Mandatory disclosure and minimum requirements for
residential building contracts are now law.
This will affect you if you are:
a residential building contractor;
a house-building company; or
a developer offering house-and-land packages.
What has happened?
On 20 November, the Government used urgency to pass the Building
Amendment Bill (No.4), now the Building Amendment Act 2013. This
Act will be effective as soon as relevant regulations under it are
drafted (likely to be early 2014). One of the key changes to
building legislation that the Act has made is that there are new
mandatory disclosure requirements and minimum contractual
requirements for all residential building contracts.
What are residential building contracts?
A "residential building contract" is any agreement
relating to building work on a residential dwelling.
There are some exceptions, including:
contracts for design work only (ie, agreements with
contracts for boarding houses or specialised accommodation (eg,
retirement villages (but not independent units) and student
A residential building contractor will now be required to meet
certain documentation requirements. These means that you need to
provide the client:
certain disclosure information;
a prescribed checklist;
Form of contract
a written contract containing certain minimum
certain completion information, such as details of guarantees
and maintenance requirements (this information also needs to be
provided to the relevant council).
The exact content of the disclosure and minimum contract
requirements will be set out in the regulations currently being
drafted. However, we know that, at a minimum, the pre-contract
disclosure will include:
the contractor's legal status;
the contractor's dispute history;
the skills, qualifications and licensing status of the building
practitioners who will be doing the actual work;
if the contractor is a limited liability company, the role of
each director and the business history of each director.
The checklist to be provided to the client will include:
an explanation of the legal obligations of each of the client
and building contractor;
an outline of the risks involved with paying in advance;
a summary of dispute resolution options;
a list of sources where the client can go for further advice
This disclosure must be made to each client before they enter
into the contract, so if you are entering into a building contract
with a husband and wife, disclosure needs to be made to each of
Minimum contract content
A residential building contact must:
be in writing;
be dated; and
contain the minimum requirements set out below.
The minimum requirements for the building contracts will
the names of the parties;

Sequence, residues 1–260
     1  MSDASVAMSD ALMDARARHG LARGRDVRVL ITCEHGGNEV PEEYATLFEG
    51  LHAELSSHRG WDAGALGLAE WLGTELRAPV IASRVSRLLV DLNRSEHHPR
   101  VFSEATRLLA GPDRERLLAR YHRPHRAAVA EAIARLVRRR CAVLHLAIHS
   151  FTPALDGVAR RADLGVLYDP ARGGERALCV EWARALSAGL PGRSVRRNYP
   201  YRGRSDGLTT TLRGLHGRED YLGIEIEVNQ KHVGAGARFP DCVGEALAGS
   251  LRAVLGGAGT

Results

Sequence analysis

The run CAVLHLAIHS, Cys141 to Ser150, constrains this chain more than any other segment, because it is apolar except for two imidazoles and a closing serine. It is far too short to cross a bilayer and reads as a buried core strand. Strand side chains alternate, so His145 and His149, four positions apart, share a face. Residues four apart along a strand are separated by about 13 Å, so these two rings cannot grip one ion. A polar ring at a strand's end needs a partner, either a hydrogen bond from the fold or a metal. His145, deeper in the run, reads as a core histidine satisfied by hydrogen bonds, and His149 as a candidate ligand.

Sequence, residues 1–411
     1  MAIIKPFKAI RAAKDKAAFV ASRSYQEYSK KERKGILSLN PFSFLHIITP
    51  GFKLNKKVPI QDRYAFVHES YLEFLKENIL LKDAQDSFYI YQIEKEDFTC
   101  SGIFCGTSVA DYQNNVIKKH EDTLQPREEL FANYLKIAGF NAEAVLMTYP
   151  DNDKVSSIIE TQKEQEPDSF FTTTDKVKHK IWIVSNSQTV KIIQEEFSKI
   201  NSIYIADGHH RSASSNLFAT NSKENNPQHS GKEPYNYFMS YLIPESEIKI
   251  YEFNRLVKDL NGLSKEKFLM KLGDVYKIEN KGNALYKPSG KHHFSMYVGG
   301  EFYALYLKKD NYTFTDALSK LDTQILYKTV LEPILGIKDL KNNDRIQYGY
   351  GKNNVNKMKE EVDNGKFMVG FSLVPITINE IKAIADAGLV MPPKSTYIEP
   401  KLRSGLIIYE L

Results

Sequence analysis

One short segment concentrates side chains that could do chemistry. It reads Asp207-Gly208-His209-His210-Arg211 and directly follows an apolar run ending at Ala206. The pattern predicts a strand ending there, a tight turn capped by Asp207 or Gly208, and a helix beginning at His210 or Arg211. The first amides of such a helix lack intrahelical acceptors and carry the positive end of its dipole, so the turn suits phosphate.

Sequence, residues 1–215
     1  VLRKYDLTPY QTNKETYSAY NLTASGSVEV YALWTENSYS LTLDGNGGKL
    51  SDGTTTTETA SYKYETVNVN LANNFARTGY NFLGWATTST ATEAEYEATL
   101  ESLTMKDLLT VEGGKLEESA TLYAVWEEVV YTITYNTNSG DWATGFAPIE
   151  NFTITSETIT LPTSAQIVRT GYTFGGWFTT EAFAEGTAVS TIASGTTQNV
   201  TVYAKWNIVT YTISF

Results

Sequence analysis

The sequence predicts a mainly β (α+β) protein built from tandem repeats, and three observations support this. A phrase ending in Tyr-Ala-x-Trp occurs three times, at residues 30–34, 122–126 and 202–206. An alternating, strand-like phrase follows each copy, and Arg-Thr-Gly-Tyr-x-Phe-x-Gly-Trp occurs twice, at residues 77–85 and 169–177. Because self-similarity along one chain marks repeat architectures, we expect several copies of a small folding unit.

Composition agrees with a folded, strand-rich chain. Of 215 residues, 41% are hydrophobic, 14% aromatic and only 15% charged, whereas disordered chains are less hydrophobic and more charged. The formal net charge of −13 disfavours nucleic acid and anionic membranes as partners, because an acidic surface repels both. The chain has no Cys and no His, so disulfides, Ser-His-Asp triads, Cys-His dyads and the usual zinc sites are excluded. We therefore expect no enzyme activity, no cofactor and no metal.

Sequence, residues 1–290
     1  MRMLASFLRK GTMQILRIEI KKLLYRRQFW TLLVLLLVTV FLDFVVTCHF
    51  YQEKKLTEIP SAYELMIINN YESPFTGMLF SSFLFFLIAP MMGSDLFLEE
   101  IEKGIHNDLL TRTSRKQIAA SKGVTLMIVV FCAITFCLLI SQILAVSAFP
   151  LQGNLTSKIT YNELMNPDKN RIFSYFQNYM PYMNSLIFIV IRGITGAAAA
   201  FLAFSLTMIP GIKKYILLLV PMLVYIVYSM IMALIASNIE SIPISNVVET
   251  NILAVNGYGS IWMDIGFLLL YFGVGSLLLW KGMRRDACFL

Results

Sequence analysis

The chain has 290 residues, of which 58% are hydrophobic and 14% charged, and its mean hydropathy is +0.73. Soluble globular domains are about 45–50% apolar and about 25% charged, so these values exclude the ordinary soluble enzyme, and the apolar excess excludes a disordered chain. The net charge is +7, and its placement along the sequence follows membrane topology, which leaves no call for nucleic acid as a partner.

the process for dispute resolution;
the process for variations;
the timeframe for the work; and
the payment process.
Does this apply to repair contracts?
The requirements apply to all contracts for building work,
repairs and new builds. The regulations will specify a minimum
price under which the disclosure and contract requirements only
need to be met if the client specifically requests. Above this
price, it is mandatory to make the disclosure and meet the minimum
What happens if these requirements aren't met?
Failure to comply with these requirements are infringement
offices, incurring a fine. The fine for failing to provide
pre-contract disclosure is $20,000 per offence. The fine for not
meeting the contract minimum requirements, and for not providing
the completion information, is $2,000 per offence.
What should I do now?
We recommend that:
you ensure your contracts include the minimum requirements;
you establish processes for entering contracts so that
disclosures are made, contracts ar properly dated and signed and
work is not started until this is done.
The content of this article is intended to provide a general
guide to the subject matter. Specialist advice should be sought
about your specific circumstances.
To print this article, all you need is to be registered on Mondaq.com.
Click to Login as an existing user or Register so you can print this article.
Please briefly describe the main laws that govern real estate in your jurisdiction.
Some comments from our readers… “The articles are extremely timely and highly applicable” “I often find critical information not available elsewhere” “As in-house counsel, Mondaq’s service is of great value”
Register for Access and our Free Biweekly Alert for
This service is completely free. Access 250,000 archived articles from 100+ countries and get a personalised email twice a week covering developments (and yes, our lawyers like to think you’ve read our Disclaimer).